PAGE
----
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Causeway Coast and Glens Borough Council issue beach safety message to horse owners

Causeway Coast and Glens Borough Council issue beach safety message to horse owners

Mon, January 29, 2018

Causeway Coast and Glens Borough Council is calling on all horse riders to act responsibly on its beaches.

The campaign follows reports from the public about horses galloping at speed close to other beach users at Whiterocks and East Strand in Portrush.

The Council is urging horse riders to be mindful of other beach users, including those with young children and dogs, to ensure that beaches remain a safe and welcoming place for everyone.

The Mayor of Causeway Coast and Glens Borough Council, Councillor Joan Baird OBE, said: "Our beaches are hugely popular attractions for both residents and visitors on a year-round basis, and are used by many people for leisure and recreation. All users have an obligation to act in a fair and responsible way to ensure a safe and enjoyable experience for all. While horse riders are welcome on Council’s beaches, I would ask them to respect other beach users and help to create an inclusive environment for everyone."

In keeping with Causeway Coast and Glens Borough Council's Management Policy for Horses on Beaches, horse riders are asked to:

*Behave in a way which is respectful and cognizant of other beach users.

*Be aware of the presence of children and dogs, especially at high tide, and reduce pace accordingly.

*Never gallop past other beach users, and leave plenty of room when passing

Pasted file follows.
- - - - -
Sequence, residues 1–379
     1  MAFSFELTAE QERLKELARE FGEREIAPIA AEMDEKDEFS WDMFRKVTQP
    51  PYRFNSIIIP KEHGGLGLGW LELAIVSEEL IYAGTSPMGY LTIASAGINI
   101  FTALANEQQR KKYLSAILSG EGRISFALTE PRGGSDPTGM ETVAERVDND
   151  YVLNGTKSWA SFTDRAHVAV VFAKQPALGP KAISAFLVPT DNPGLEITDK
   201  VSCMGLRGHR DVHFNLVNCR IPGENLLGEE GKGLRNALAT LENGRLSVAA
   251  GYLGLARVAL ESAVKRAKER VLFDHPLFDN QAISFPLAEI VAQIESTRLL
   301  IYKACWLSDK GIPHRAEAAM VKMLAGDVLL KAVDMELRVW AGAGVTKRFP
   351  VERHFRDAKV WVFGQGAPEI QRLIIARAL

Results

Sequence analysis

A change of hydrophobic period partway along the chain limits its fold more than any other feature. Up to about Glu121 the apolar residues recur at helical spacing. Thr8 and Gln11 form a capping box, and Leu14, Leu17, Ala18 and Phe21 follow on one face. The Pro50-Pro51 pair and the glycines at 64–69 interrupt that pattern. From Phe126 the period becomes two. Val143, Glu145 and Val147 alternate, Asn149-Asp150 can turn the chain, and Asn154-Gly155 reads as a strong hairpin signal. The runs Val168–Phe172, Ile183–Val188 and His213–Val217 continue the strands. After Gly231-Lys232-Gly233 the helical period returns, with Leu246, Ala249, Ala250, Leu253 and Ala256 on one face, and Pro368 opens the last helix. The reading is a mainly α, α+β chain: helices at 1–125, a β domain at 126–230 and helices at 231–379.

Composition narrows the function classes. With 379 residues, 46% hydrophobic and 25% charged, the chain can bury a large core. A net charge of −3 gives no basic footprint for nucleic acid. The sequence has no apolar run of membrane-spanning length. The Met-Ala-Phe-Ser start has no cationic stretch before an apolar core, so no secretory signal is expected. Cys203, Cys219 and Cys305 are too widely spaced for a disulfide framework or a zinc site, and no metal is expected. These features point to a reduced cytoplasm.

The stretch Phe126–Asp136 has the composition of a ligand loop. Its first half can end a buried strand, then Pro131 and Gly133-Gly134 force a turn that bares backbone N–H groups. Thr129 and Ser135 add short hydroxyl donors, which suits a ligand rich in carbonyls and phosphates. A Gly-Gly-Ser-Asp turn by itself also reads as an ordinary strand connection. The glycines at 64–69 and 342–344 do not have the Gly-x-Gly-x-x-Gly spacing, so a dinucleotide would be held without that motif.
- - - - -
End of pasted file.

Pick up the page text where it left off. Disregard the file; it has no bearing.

* Avoid disturbing wildlife and plants, and keep out of dunes

*Remove all horse manure.

Riders should also be aware that other beach users may not be able to hear a vocal warning from approaching riders. This could be due to a hearing impairment, wearing headphones or simply due to windy weather. 

While the Management Policy only applies from 1st May – 30th September, these guiding principles should be observed by horse riders throughout the whole the year.

In addition to this, a Council bye-law states that ‘A person shall not drive any vehicle, or ride any animal, in such a manner as to cause danger, annoyance or nuisance to any person’. The ultimate aim of the policy and bye-law is to create safer beaches for all. 

Council officers are continuing to monitor the situation at Whiterocks and East Strand and Council would encourage members of the public to report any incidents of dangerous or irresponsible horse riding by ringing 028 7034 7234.

 

The Mayor of Causeway Coast and Glens Borough Council, Councillor Joan Baird OBE, helps to launch the beach safety awareness campaign with Julie Smyth and Philip White from Maddybenny Riding School, and their horses Humprey and Presley.